In addition to the headquarters in Saint-Christophe, the cooperative has six ripening cellars carved into the rock, with a total storage capacity of approximately 150,000 cheeses. Most of the warehouses were derived from military depots used during the Second World War, except for the Valpelline warehouse, aPDOted from an old copper mine, exploited until 1946. Even today, the cheese is moved using the tracks that were previously used for transporting the mineral ore.
The environmental conditions of the warehouses are distinguished by a very high relative humidity (> 90%) and by a constant temperature of around 10 °C throughout the year.
A total of about sixty people operate the six ageing warehouses, and deal with the various operations that ensure the cheese ripening, alternating of salting, turning over and manual brushing of the cheese.
The platforms on which cheeses are stored are strictly made of spruce (Picea excelsa), as per tradition.
It is a tunnel initially built for the maintenance of an underground power supply channel of a power plant; later it was expanded by the German army during World War II in order to turn it into a factory of ball bearings, as protection against bombing. Used by the Cooperative for cheese ripening since 1971, it was contributed by members above the lower Valle d'Aosta. Its total storage capacity is about 20,000 cheeses.
There are twin warehouses in Issogne, which is about 10 km away. The tunnel was built for the same needs and has the same features and infrastructure. It differs in the capacity (18,000 cheeses) and the period from which the Cooperative started using it, which dates back to 1994.
It was the first warehouse to be used by the Cooperative and is located about 1,000 meters above sea level, at the fork leading to the hills of Piccolo San Bernardo, on State Road 26, almost at the entrance of the village, opposite the sales point of the Cooperative. This is a former military bunker carved into the rock at the beginning of World War II. Recently renovated both inside and outside, was opened in 1957 and has the capacity to store more than 13,000 cheeses [...].
It too is a military bunker built during the last world war. It is located on the left bank of the valley, opposite to Pré-Saint-Didier. It is about 200 m higher and has the same construction and environmental characteristics. It is exposed, to the south, to a slightly higher temperature range; in order to maintain the optimal temperature conditions it has recently been equipped with a refrigeration system. Equipped as a warehouse for the ripening of the fontina PDO by the Cooperative in 1965, it has undergone significant improvements both inside and outside and has a capacity to store about 13,500 cheeses.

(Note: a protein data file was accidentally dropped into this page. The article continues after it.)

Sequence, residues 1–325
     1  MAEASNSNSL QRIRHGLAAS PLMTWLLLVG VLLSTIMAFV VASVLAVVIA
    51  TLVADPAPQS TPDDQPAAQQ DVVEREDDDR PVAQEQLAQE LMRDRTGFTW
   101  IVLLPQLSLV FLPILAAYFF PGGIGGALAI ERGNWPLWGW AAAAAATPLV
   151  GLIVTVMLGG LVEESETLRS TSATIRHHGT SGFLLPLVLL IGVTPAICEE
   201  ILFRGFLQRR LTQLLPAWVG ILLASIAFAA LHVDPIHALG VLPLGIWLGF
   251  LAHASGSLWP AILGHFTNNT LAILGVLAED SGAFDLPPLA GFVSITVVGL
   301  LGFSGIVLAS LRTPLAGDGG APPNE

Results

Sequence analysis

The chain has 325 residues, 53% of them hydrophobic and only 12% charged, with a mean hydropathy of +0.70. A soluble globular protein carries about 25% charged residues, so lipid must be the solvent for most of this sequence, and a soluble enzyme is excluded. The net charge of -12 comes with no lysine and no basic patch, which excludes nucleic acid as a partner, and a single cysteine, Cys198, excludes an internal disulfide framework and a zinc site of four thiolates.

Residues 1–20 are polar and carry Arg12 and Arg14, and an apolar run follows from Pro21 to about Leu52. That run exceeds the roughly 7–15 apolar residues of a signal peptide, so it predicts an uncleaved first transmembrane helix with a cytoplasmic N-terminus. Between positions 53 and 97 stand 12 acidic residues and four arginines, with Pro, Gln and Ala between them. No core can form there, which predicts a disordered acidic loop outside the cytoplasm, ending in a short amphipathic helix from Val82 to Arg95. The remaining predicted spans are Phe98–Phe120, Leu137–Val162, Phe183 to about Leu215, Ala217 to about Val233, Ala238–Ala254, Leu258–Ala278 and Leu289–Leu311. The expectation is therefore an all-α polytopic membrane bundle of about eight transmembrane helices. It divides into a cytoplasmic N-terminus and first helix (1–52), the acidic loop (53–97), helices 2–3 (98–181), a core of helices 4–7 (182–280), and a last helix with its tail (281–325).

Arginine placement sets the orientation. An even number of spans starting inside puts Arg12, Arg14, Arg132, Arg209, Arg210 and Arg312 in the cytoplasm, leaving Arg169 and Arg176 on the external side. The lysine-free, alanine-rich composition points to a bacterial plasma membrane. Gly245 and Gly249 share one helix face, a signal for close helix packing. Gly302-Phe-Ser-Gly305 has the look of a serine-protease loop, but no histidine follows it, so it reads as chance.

Carved into the rock, this warehouse was once a magazine of a military fort dating back to the period of the French Revolution. It is located 1,685 meters above the sea level (the highest among the warehouses of the Cooperative) and up to 7,000 fontina cheeses can be stores within it to mature .
The store, opened by the cooperative in 1961, is located in the ancient copper mine located in Preslong, exploited until the mid-40s. The signs of mining are still visible thanks to the rails on which the carriages for transporting ore used to run. In 1994, thanks to the enlargement of tunnels, it was possible to get [...] a cave of considerable size, with a storage capacity that now reaches 60,000 cheeses. Next to the entrance of the warehouse is located the Visitor Center which is open to the public and where you can get an overview of the entire production of fontina PDO.
From the beginning, the search for warehouses was addressed towards the existing underground facilities that could ensure the required environmental characteristics and desired proximity. The tunnel of the abandoned mine of Santa Barbara in the municipality of Valpelline Preslong soon proved to be a winning solution.
In 1964: the tunnel was designated for the maturation and preservation of cheese.
The first warehouse used by the Cooperative. This is a former military bunker carved into the rock at the beginning of World War II. Recently the bunker underwent external renovations, but with some limitations ordered by the Regional Superintendent for cultural and artistic heritage who wanted maintain the overall external appearance "remnants of war" as a warning to future generations
Former magazine dug into the rock near the fort of Valgrisenche, dating back to the late thirteenth century, is now the warehouse of the Cooperative with a higher altitude (1700 metres) and provides an excellent balance between the temperature which remains around 8° C throughout the year and humidity reaching 98%.